Funeral Held for NYPD Detective Troy Patterson After 33 Years in Coma

A funeral service was held in New York on Friday, May 5, for Troy Patterson, a New York Police Department (NYPD) detective who was shot while off-duty and spent the last 33 years in a coma.

Footage posted by the NYPD shows the service in the Historic First Church of God in Christ in the Brooklyn neighborhood of Crown Heights on Friday afternoon.

Guests at the service included New York Mayor Eric Adams, who delivered remarks before Patterson was brought to Long Island’s Pinelawn Cemetery for burial.

“He was an active police officer that was not going through the motion of just being a member of the law enforcement community. He was conducting the job every day. He believed in policing,” Adams said, who reminisced about New York in the 1990s.

“Do you remember what these streets were like? These streets were filled with crack cocaine. It was filled with violence. It was filled with a total disregard of public safety. It was filled with people waking up to gunshots and not alarm clocks,” Adams continued.

“But men like Troy stayed. They didn’t flee. They remained in the community and stated that they were not going to surrender our community to those that wanted to bring about terror and violence.”

On January 16, 1990, Patterson, then 27, was shot once in the head while washing his car near his apartment in Brooklyn’s Bedford-Stuyvesant neighborhood, leaving him in a vegetative state for decades.

Two teens and an adult – Tracy Clark, 15, Darren Crawford, 17, and Vincent Robbins, 20 – were charged with attempted robbery and other crimes after the shooting. Credit: NYPD via Storyful

Video transcript

- We're here to celebrate the life of detective Troy Dante Patterson I. Come on and put those hands together.


You might be wondering why you're here. I want you to know you're not here because he transitioned. You're here because he lived. He lived. Come on and put those hands together.



Amazing grace, how sweet the sound that saved a wretch like me.

ERIC ADAMS: Thank you, reverend. And to Troy, and his Aunt May, and to all of you-- and I didn't see him, but I know he's here, Detective Cliff Hollingsworth. Brother Cliff, for 33 years, Cliff held a memorial at the site where our brother Troy was shot.

And we used to go up each year to Jersey and sit with Troy and his family. And I remember Troy, Jr., when he was just a little child, and I'm watching, I see he'd be in a room with this dad and how painful it was to watch the dad that he knew so well, so energetic.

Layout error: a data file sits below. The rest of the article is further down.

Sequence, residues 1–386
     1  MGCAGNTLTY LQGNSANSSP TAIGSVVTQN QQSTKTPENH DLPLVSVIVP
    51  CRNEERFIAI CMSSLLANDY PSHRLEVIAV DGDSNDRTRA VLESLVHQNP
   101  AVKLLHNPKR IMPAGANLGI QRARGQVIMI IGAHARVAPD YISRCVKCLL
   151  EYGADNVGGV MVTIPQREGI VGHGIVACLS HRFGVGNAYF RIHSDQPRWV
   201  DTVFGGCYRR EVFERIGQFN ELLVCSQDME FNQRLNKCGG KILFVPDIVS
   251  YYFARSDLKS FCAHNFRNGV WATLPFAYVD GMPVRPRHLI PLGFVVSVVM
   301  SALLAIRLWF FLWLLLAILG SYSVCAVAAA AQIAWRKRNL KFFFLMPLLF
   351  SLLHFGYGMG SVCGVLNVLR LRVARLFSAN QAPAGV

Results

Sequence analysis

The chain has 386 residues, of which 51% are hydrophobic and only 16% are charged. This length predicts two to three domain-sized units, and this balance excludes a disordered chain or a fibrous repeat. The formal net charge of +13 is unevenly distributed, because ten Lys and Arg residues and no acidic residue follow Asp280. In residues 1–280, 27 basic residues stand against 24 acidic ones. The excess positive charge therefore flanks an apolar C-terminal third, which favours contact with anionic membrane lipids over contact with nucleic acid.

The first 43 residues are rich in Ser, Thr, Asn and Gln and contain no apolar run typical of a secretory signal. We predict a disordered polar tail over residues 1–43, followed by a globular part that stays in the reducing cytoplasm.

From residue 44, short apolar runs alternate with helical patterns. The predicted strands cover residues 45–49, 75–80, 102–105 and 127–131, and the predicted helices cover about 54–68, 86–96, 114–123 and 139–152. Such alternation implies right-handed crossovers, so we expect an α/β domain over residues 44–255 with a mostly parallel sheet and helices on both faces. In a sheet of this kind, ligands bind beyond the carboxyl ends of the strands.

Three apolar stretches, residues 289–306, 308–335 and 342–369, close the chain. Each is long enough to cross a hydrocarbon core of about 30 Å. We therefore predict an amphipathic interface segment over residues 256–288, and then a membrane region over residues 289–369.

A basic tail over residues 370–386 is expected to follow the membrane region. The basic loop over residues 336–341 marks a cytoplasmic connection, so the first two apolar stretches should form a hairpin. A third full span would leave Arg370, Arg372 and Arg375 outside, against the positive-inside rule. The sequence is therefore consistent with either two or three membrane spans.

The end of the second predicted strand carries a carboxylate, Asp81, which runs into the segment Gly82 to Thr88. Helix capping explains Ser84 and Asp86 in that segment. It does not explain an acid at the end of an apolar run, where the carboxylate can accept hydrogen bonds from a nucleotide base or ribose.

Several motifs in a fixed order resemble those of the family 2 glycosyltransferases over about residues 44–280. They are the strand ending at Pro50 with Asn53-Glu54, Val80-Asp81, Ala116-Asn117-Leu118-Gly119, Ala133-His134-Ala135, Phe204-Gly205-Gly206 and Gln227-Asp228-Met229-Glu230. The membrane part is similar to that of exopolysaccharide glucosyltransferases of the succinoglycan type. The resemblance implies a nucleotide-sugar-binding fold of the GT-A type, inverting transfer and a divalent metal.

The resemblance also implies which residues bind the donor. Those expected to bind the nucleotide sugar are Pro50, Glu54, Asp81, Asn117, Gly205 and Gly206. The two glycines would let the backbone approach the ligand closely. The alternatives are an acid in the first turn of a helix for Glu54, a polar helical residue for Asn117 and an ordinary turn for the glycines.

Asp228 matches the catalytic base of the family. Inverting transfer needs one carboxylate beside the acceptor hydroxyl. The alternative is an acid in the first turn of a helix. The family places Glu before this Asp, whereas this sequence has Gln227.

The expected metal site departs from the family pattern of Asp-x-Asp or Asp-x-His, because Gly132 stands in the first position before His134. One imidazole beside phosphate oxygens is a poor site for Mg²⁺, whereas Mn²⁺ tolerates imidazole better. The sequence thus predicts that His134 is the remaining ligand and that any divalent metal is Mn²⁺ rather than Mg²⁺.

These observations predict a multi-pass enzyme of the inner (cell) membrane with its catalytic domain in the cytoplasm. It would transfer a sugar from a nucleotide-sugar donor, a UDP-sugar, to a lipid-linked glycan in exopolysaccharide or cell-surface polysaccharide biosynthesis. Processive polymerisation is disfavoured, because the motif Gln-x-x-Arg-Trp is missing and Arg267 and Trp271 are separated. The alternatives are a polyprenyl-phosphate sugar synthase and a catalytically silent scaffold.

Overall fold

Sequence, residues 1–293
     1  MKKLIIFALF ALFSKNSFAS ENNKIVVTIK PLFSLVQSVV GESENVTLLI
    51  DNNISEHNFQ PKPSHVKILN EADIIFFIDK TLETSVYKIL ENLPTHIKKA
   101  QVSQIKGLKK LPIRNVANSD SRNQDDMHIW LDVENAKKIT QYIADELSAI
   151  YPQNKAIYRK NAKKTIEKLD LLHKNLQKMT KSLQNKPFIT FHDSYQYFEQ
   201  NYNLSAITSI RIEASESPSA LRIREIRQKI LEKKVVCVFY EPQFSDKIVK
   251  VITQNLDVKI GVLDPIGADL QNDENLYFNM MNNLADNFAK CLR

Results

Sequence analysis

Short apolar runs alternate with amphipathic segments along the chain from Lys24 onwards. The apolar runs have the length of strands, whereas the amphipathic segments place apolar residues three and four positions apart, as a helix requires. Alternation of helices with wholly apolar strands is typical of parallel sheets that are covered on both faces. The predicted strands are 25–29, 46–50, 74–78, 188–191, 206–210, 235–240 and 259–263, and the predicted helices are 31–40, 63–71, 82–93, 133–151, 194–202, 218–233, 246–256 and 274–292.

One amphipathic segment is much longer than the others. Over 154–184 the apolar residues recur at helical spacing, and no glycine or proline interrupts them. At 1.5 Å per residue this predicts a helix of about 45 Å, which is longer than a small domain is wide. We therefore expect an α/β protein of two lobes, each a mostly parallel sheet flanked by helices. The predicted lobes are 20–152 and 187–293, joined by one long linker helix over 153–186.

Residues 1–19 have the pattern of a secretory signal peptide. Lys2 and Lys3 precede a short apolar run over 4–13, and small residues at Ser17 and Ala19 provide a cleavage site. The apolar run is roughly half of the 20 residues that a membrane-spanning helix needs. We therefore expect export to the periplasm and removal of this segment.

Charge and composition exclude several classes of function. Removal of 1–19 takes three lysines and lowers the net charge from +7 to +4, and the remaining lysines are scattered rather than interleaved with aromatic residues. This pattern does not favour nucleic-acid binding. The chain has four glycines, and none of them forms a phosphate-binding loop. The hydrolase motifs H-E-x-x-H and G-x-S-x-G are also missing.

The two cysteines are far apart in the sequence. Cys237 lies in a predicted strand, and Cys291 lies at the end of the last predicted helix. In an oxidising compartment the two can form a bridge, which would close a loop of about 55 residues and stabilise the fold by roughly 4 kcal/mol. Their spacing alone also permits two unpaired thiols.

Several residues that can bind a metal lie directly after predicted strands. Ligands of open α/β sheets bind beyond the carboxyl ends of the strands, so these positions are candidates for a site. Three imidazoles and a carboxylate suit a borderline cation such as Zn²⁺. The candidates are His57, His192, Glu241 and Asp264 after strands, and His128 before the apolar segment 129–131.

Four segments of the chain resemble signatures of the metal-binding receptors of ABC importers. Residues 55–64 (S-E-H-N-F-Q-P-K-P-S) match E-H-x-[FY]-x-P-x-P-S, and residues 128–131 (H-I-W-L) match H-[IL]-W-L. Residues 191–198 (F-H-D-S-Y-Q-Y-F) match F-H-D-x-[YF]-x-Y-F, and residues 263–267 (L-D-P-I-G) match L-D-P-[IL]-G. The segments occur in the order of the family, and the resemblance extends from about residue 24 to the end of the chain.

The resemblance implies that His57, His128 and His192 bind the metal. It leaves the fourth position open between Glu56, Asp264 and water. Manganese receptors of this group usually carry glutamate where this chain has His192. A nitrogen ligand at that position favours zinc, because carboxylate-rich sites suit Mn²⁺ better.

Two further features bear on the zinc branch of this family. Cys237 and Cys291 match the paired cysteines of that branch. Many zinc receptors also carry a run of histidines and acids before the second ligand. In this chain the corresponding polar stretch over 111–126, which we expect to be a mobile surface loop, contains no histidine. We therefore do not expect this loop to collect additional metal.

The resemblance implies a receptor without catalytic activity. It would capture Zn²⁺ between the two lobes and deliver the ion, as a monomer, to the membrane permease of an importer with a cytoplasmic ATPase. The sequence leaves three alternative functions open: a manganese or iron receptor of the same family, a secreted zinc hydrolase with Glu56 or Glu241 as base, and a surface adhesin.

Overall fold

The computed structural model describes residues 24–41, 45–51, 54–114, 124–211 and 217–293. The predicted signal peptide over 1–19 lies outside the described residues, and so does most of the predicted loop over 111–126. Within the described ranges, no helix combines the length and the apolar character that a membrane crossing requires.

And it may be lost on some of you, but if you look at the posters, you really will understand, he was a good looking brother.


Let's not get it mixed up. 33 years-- all of us would sit in our cars privately and just uncontrollably cry while we watched such an energetic, joyful, good man live his life in that manner. And we thought about Troy, Jr. and what he was going through-- never missing a moment to come up in those 33 years.

And how Cliff Hollingsworth, a former detective, just made it clear that we would never forget Troy. We always make sure year after year we will continue to show our support and love for him. But men like Troy stayed. They didn't flee.

They remained in the community and stated that they were not going to surrender our community to those that wanted to bring about terror and violence. And the only way we can really understand the impact that even when a bullet hits a body, it does not stop this pathway of devastation and destruction, it continues to rip apart the anatomy of our community. We should reflect on this moment every time we put on a uniform or if we commit our lives to going after those who prey on innocent people.

When it leaves the headlines of the papers, it remains in the headlines of the Troy, Jr.s of our city. They feel the pain for generations to come.

- I really believe that a person preaches their own life by the way they live. When people get up and try to preach a person's life, you can't preach their life. They live that life.

And he lived it well. And there's a little song that has come to me that I love to sing.


I love you. I love you, because you cared for me.